Mark P. Bernier | Posted on Nov 01, 2016
On Tuesday, November 8, United States citizens exercised their right to elect a new President, as well as federal, state, and local officials, and to decide any number of state-specific referenda, ending the "election exhaustion" that has been expressed and felt by many. In the days and weeks leading up to the event, we witnessed an uptick in market volatility as traders and strategists attempted to reposition themselves seemingly with every headline and poll result.
When the news broke in the early morning of November 9 that the pundits and pollsters were wrong about the expected outcome, investors received another dose of volatility as markets reacted to an outcome that was largely unexpected. Anyone watching overnight futures trading would have seen the Dow Jones Industrial Average indicated to open nearly 800 points to the downside and might have been fighting the urge to call their broker or financial advisor in the wee hours of the morning. Unexpected event outcomes can create the urge to react and take drastic actions with your investments.
Investing is a planned journey that often spans decades, or even generations. Why, then, do some investors find themselves reacting to an unexpected event by liquidating their investments, or taking other drastic steps, and derailing those plans? Many of you reading this article may be thinking about what this recent election means for the direction of the country, the economy, and the markets. To some of you it may be a beacon of hope, to others a bitter disappointment. Regardless, a singular event rarely, if ever, warrants dramatic or drastic change to your investment plans. Consider a quote from famed investor Warren Buffett on October 17, 2008, at the height of the financial crisis: "In the 20th century, the United States endured two world wars...the Depression, a dozen or so recessions and financial panics, oil shocks, a flu epidemic, and the resignation of a disgraced president. Yet the Dow rose from 66 to 11,497."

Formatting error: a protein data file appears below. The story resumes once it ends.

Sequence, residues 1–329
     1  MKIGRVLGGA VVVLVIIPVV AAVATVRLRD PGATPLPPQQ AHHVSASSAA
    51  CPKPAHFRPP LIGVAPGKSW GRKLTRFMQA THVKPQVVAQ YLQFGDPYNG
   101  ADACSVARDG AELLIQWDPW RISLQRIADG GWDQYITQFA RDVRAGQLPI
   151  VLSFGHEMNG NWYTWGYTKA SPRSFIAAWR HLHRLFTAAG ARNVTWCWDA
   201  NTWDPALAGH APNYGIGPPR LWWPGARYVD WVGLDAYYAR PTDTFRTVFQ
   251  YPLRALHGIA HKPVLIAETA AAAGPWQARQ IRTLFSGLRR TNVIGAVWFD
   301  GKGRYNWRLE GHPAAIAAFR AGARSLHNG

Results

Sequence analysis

Unexpected event outcomes, or event risk as it's known in the industry, provide investors the opportunity to reassess and perhaps rebalance their portfolios. Rather than making a drastic change, say liquidating a diversified stock and bond portfolio and placing the proceeds in a coffee can, consider a more tactical approach. As an example, you could transition to shorter-term bond investments if you believe interest rates are going to move higher. Another example could be to increase your exposure to construction/engineering companies if you believe that infrastructure spending will be a focus of this next administration.
Whether you are managing your own investments, or working with a trusted fiduciary advisor, avoid the urge to make emotion-driven decisions and consider the long-term impacts to your financial plans that may result from drastic changes to your investments.